Peru climate talks

Indi Mclymont Lafayette (right), regional coordinator for Panos Caribbean, in discussion with Clifford Mahlung, coordinator for capacity building with the Alliance of Small Island States, at the Peru climate talks on Wednesday. (Photo: Petre Williams-Raynor)

Panos Caribbean\\\'s Regional Director shares lens time with Amerindians from Lima,Peru

Panos Caribbean\\\'s Regional Director shares lens time with Amerindians from Lima,Peru. Panos is one of the civil society organisations attending the United Nations Climate talks in Peru. The talks end on December 12.

Lancement:Identification et Enregistrement des électeurs en Haïti : entre attentes, défis et perspectives


Category Archives: Gender Articles

SEX WORKERS IN JAMAICA – ‘The Dangers, The Thrills’ – MALE & FEMALE Sex Workers Speak About the Dangers & Challenges of the Trade

Sex work in Jamaica is taboo. Selling sex – prostitution, is illegal. There have been ongoing lobby from a human rights perspective for the repeal of the 18th century laws that make prostitution (selling of sex) and buggery illegal. However several men and women practice the illicit trade sometimes covertly, sometimes out in plain sight. Sex workers are rarely arrested for selling sex, however, based on their own admissions, it is a dangerous business.

Panos Caribbean Giving the Region’s Youth a Voice

Indi McLymont-Lafayette and Cossy Roosevelt at a recent Youth Journalism workshop in Haiti funded by The MacArthur Foundation (July 2011)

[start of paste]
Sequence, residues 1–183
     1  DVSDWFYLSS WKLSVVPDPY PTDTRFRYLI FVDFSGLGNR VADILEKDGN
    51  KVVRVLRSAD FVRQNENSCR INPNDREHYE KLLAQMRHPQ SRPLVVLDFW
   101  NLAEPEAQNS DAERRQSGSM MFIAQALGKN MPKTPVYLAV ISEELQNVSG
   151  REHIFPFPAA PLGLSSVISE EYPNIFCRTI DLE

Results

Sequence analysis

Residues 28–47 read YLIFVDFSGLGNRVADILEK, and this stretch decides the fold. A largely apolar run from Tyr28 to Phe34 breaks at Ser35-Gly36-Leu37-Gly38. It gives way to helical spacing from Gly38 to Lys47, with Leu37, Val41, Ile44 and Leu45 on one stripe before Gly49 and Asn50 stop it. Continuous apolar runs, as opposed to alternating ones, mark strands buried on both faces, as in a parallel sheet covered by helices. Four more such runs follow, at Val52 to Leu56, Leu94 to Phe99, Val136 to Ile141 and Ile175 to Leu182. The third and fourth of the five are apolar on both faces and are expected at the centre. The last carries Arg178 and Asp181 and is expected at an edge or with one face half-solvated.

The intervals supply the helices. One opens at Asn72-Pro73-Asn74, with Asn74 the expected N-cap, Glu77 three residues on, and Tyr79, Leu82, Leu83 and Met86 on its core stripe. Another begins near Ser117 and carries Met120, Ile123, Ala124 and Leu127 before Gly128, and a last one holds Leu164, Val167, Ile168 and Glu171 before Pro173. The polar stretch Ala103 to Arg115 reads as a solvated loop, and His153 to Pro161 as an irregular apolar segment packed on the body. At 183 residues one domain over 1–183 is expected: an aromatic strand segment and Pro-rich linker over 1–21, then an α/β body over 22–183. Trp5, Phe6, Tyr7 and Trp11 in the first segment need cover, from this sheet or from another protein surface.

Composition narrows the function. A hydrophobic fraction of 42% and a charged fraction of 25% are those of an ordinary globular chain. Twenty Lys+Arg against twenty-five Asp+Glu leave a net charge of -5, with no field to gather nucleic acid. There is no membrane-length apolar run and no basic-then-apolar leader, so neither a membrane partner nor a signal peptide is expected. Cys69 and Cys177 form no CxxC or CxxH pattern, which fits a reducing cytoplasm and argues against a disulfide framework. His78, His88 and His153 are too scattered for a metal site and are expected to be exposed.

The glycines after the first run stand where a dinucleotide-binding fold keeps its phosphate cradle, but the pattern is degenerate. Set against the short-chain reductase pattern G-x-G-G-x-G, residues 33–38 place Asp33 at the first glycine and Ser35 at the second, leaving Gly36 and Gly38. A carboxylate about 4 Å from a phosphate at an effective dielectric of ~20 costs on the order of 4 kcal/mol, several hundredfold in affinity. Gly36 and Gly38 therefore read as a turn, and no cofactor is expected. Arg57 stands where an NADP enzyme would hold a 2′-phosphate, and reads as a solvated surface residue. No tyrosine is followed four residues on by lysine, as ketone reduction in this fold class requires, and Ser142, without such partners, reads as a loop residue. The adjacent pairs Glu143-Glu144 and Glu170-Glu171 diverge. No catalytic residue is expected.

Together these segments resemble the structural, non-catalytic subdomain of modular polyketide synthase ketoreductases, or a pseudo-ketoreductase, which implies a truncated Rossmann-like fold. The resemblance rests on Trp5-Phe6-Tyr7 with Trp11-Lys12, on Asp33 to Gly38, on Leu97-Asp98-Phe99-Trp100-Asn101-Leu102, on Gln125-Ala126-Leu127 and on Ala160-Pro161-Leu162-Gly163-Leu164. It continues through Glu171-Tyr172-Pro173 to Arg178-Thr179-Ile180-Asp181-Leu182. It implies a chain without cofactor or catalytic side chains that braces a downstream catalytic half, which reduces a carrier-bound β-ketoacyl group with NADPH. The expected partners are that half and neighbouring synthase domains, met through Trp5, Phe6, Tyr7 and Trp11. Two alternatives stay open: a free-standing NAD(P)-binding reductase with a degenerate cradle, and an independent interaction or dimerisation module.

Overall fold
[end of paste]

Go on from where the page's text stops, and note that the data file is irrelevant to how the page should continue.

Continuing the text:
Andrea Downer, August 2011 – UNITED NATIONS has designated August 12th International Youth Day. The UN believes that on August 12th and EVERY day, youth should be able to participate in decision-making in their families, communities, and nations. Panos Caribbean has been assisting young people in the Caribbean to express themselves for 25 years in their own voices through the organization’s Youth Journalism programme which trains young people in basic journalism skills and assist them to articulate and advocate about issues that affect them through the media.

Our Youth Journalism programme aims to empower youth to advocate effectively on issues that affect them by utilizing the media. Panos’ Youth Journalism Programme “Our Own Voices — Youth Communicating Through the Media” targets young people aged 12 to 16 who are marginalized or vulnerable but possess strong leadership and communication skills. We then trained them to become effective communicators and youth advocates utilizing five interlinked approaches,” Executive Director of Panos Caribbean, Jan Voordouw explained.

According to Mr. Voordouw, Panos has established 16 youth journalism programmes in the Caribbean including in Jamaica, Haiti and St. Lucia over the past 25 years.

The group in St. Lucia recently produced two short videos with Public Service Announcements based on article 13 of the United Nations Conventions Rights of the Child which speaks to the rights of children to free speech and the ability to express themselves via various media as long as those rights do not infringe on the rights of others.